Walsh: “Well, I think at the end of the programme tonight, I mentioned about, if people ask for help, people can make mistakes and if people are sorry for their mistakes, they can be helped. The paedophiles that I’m referring to don’t even accept that they’ve done anything wrong.”
O’Rourke: “Ok, well, look. The programme goes to Canada as well. You’ve looked at a system that’s operating there and somebody who can shed some insights into it now is on the line, as I say, Wendy Leaver, good morning to you.
Wendy Leaver: “Good morning.”
O’Rourke: “Twenty years working with the Sex Crimes Unit there with police in Toronto and I imagine that what you just heard from Cormac there would reflect the views maybe that you had yourself certainly for a long time and also what victims you’ve had worked with would have been saying to you.”
Leaver: “Absolutely. What he has spoken about resonates with a lot of the cases I had when I was working in the Sex Crimes Unit.”
O’Rourke: “And what was your own attitude towards sex offenders and paedophiles?”
Leaver: “There was a concern, though all we would witness when they came out was the recidivism rates would go up and you would read the files that would come out of the judicial system that would most likely reoffend and our hands were tied. And they were, you couldn’t protect the victims and it was a major concern. My thoughts were the same as your guest just spoke of.”
O’Rourke: “And then you were invited to go along to something call the Circles or, at least to familiarise yourself with, Circles of Support. Now tell me about that and your own attitude, before you went along.”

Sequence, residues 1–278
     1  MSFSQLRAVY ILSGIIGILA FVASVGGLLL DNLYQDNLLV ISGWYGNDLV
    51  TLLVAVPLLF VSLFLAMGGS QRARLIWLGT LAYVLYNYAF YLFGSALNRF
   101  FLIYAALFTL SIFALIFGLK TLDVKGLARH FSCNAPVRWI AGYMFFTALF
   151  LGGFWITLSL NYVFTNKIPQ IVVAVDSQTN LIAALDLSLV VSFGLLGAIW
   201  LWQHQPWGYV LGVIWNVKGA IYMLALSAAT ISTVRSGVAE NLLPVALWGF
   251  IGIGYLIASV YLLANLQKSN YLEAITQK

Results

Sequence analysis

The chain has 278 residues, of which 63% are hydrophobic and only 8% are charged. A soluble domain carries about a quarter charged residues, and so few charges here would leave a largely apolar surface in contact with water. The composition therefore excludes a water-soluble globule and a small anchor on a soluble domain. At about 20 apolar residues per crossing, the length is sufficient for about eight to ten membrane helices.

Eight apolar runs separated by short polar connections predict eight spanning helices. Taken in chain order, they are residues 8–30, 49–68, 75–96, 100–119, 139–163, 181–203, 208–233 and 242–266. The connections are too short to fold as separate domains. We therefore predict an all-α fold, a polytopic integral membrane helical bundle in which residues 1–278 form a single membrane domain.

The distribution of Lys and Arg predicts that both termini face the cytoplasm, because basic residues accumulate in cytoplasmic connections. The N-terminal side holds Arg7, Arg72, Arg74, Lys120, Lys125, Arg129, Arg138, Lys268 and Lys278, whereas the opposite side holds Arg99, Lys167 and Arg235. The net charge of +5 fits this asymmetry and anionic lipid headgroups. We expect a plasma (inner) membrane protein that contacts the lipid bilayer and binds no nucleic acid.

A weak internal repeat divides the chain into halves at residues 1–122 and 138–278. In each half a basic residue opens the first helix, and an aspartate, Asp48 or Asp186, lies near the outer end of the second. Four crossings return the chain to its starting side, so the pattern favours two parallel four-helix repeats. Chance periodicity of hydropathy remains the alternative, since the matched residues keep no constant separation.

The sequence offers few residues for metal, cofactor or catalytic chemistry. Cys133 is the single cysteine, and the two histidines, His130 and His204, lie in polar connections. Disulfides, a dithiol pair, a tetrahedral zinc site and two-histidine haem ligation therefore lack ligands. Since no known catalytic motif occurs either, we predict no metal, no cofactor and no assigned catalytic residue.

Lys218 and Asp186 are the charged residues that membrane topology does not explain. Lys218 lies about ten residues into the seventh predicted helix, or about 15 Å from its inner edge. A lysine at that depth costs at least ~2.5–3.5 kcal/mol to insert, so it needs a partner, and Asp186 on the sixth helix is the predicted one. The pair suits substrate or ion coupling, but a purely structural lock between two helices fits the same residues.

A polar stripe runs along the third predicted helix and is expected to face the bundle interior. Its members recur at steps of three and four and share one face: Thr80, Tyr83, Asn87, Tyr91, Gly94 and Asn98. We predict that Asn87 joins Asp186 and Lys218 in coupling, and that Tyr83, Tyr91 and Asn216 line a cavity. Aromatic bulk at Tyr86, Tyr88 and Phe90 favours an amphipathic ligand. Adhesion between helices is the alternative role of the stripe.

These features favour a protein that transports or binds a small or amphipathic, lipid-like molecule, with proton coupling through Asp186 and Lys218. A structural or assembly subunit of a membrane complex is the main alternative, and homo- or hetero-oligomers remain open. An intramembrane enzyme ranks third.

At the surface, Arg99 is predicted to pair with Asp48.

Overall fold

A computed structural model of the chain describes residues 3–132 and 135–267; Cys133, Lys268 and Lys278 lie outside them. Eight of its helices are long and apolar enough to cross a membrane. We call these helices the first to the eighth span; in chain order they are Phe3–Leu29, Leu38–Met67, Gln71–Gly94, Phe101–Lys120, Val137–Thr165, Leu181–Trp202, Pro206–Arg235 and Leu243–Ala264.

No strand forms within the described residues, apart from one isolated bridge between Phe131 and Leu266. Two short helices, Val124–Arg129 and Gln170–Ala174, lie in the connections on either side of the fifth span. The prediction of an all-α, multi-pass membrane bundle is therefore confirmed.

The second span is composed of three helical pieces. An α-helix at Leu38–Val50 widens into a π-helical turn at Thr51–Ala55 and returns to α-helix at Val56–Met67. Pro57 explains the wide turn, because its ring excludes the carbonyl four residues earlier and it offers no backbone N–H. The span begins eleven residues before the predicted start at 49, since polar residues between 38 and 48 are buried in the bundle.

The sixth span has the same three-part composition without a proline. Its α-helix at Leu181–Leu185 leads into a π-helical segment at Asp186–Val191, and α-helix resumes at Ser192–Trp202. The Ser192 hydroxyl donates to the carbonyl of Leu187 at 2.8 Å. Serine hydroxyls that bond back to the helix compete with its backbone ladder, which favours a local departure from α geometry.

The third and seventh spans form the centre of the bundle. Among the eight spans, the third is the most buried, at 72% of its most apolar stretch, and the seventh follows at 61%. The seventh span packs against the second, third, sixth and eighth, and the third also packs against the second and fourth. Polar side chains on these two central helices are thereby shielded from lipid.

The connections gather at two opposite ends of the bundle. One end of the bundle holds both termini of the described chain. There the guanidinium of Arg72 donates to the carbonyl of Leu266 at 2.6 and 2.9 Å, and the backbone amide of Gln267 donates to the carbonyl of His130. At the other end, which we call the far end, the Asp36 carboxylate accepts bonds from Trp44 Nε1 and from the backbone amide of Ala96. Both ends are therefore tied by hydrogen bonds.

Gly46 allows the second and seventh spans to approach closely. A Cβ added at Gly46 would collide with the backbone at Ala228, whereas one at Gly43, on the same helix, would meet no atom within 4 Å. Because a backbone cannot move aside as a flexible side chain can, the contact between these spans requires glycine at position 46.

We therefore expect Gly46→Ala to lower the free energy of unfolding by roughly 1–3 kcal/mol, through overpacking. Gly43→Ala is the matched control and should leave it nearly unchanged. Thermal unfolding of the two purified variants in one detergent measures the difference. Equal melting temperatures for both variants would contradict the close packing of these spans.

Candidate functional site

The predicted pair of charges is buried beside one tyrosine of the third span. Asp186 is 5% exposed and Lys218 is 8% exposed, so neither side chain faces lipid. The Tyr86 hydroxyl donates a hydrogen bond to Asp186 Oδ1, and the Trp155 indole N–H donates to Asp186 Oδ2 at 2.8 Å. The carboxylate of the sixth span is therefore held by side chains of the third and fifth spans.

Leaver: “Well I became involved at the end of 1996/1997. The Canadian government at that time came out with a new regulation, in relation to a peace bond that gave police officers the ability to take a look at sex offenders’ files coming out of the system and make a decision that, yes, this person is more likely to reoffend, therefore we’re going to take him before the court, when he comes out of the system, and have conditions put on him. I ended up in that situation because I was working with a sex crime and became involved with a gentleman, who’s now deceased, by the name of Ray Budjrayal who was a horrific paedophile. My concern was my job was basically just to approach him when he came out of the system, hand him the papers, let him know that we’d be taking him before the court. As a result of that, I was contacted by Hugh Kirkegaard, who was a minister, a religious minister with Corrections Canada, who had one of the first people to become involved in working with Circles of Support and he called me and said: would you be interested in attending a Circle of Support for Ray Budjrayal who’s out now. And I guess I was shocked and taken back and I thought ‘you’ve got to be kidding’. However, I did show up just to see exactly what was happening and I was sitting around in the church basement of the circle, which was introduced and, as the core member, which was Ray Budjrayal. And I was concerned because in my expertise, what I believed I had investigation in relation to paedophiles, and my concern was ‘these people have no idea who they are dealing with’, how manipulative these individuals are and how dangerous they are.